Judging from the dialog in The Sea, it seems that people in Iceland like to talk about fish. A lot.... The main character, Thordur (Richard Kohn), owns a fishing company and is constantly talking about fish. Fishing laws, how to run a fishing company, fishing stories from when he was a fisherman; and when he isn't talking about fish, one of the supporting characters is. When no one's talking about fish, they inevitably manage to work in some sort of fish metaphor.
In addition to the fish, playwright Simonarson manages to squeeze in a story. Thordur is a rich old man, and his children are all out to take over his business. The suspiciously King Lear-esque plot thickens when Thordur gathers his children together to make a grand announcement, presumably about how his fortune is to be divided. All of Thurdor's children have grown unsatisfied with living in a fishing fjord, and most of them have moved far, far away. Yet, like salmon returning to the place of their birth, the multitude of children arrive over the course of the first act, each bringing a spouse or significant other. The children (and the audience) are hooked with the bait of some great revelation, but have to wait for the final scene before Thurdor reels them in.
Before the big revelation scene comes, an assortment of subplots come out. Each of the 13 characters in the play has some secret to be revealed. Most of these subplots are so tiny that they should have been thrown bac (who cares who stole Thurdor's stamp collection?), and they overwhelm the main story like piranhas devouring a cow. Some of these subplots are woven together by the end of the play, but others are simply red herrings.
Lasting over two hours, the play is bloated and unfocused with too many subplots and extraneous characters, all of whom sport Icelandic names that get real confusing real fast. When trying to keep track of 13 people with names like "Ragneidur" and "Gudmunder," it's easy to forget who's who, and how they're all related.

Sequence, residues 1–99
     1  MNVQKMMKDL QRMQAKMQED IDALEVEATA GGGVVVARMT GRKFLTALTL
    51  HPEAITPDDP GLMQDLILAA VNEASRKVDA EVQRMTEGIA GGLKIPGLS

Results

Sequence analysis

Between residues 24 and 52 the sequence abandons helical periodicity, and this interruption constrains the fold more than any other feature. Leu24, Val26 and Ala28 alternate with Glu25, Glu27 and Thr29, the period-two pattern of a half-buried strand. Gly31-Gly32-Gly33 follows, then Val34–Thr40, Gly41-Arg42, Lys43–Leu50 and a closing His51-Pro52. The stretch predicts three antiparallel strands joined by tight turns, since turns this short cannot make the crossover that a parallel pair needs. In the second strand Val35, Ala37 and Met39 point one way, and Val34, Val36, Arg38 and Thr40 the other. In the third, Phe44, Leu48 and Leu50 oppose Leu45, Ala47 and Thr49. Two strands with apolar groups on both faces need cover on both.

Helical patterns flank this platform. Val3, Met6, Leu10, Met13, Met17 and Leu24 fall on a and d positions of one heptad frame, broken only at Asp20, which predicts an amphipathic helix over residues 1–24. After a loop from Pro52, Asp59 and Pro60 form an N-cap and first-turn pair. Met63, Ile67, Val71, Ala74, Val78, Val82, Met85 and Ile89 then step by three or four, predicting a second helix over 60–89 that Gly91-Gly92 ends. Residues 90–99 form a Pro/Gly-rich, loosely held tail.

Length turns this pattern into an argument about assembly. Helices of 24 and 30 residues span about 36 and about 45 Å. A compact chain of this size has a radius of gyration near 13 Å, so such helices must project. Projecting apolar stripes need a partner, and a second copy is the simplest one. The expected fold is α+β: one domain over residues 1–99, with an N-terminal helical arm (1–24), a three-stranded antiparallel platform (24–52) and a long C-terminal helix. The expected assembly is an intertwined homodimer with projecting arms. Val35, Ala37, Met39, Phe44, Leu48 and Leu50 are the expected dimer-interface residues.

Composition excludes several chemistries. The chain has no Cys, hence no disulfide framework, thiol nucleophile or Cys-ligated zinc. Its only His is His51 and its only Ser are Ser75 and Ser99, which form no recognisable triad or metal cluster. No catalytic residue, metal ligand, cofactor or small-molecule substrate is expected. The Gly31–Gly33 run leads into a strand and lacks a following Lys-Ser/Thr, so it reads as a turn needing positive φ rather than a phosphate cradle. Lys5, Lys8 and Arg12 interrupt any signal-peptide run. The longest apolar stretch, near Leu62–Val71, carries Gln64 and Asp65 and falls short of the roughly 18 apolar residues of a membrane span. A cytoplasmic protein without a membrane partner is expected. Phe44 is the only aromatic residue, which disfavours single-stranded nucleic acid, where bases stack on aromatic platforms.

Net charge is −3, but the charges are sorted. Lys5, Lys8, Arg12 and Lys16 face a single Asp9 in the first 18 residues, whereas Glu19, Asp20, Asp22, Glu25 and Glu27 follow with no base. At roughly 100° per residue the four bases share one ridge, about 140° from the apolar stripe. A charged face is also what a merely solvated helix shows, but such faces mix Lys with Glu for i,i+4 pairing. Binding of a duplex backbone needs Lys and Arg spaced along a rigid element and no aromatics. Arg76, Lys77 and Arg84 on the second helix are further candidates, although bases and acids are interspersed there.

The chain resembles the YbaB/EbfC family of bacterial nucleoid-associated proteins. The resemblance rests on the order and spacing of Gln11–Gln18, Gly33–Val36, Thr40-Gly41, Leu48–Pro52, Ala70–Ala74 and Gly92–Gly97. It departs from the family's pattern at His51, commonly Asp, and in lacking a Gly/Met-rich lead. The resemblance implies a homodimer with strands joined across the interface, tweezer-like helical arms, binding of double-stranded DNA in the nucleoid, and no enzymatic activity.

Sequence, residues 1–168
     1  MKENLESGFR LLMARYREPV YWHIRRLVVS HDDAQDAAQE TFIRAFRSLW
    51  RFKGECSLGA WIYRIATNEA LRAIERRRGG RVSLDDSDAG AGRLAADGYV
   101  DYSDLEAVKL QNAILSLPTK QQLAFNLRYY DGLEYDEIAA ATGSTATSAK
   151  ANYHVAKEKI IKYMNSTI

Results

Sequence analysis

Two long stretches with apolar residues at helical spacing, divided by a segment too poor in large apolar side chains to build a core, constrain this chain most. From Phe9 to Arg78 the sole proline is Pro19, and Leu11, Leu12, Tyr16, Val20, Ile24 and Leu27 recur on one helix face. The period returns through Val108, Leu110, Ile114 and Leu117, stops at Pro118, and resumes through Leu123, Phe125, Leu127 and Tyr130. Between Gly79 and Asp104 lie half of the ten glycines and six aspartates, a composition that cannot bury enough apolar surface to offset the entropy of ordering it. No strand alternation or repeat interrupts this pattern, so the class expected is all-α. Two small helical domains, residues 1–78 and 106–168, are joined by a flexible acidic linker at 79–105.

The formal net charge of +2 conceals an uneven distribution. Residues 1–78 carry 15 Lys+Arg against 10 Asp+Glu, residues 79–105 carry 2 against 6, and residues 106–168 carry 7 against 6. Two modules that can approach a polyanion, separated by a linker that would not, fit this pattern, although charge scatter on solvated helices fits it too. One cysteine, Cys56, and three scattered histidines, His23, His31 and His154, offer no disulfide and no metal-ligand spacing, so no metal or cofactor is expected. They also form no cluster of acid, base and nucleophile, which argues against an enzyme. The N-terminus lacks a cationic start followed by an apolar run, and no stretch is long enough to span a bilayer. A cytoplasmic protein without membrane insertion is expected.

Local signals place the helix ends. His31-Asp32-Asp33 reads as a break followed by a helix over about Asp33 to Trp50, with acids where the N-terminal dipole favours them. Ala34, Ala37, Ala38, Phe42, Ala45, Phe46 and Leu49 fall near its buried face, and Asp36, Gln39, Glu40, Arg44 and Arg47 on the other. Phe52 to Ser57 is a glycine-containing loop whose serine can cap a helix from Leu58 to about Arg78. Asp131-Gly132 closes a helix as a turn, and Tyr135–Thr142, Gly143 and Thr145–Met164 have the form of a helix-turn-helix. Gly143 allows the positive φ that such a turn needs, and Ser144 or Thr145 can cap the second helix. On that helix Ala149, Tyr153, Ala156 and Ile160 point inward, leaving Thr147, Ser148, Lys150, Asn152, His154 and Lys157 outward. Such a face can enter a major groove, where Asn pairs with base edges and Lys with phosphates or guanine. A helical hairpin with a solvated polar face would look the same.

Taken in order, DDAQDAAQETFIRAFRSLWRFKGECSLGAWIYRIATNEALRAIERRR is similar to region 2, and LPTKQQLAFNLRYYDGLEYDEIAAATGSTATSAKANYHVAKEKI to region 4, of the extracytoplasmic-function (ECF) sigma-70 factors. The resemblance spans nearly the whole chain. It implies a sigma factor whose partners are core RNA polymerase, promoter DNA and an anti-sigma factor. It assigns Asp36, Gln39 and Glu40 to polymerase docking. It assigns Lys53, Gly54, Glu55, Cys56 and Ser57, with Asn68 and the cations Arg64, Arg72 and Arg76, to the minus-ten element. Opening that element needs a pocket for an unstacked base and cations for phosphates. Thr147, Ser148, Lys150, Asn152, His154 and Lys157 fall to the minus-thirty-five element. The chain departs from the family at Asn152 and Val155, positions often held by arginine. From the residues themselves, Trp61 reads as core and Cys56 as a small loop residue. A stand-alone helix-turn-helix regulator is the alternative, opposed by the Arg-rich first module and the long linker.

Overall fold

Even though the story and action are slow-paced, there were some good moments, and some of the fish metaphors are actually clever. The characters are all believable, and the story of children growing away from their parents' culture is a universal one. The cast held their own with the difficult material and brought their characters to life, despite all of them having to share the stage with each other.
Costumes, by Frances Colon, highlighted the differences between the older generation and the younger very effectively, especially with a couple of younger women who were dressed for an NYC nightclub rather than their father-in-law's fjord.
Director Kristina O'Neal made the most of the script, so that when The Sea hit its high moments it hit hard. Despite O'Neal's work, and the fact that The Sea was an award-winning success in Iceland, in New York it seems like a fish out of water.
(Also featuring: Evelyn Page, Simone Lutz, Elizabeth Flynn Jones, Liam Mitchell, Annette Fama Jarred, Brett Michael Dykes, Josh Stein Sapir, Christos Klapsis, Kristina O'Neal T.J. Zale, Suzanne Levinson, and Briana Trautman-Maier.)
Return to Volume Ten, Number Two Index
Return to Volume Ten Index
Return to Home Page
Copyright 2003 Charles Battersby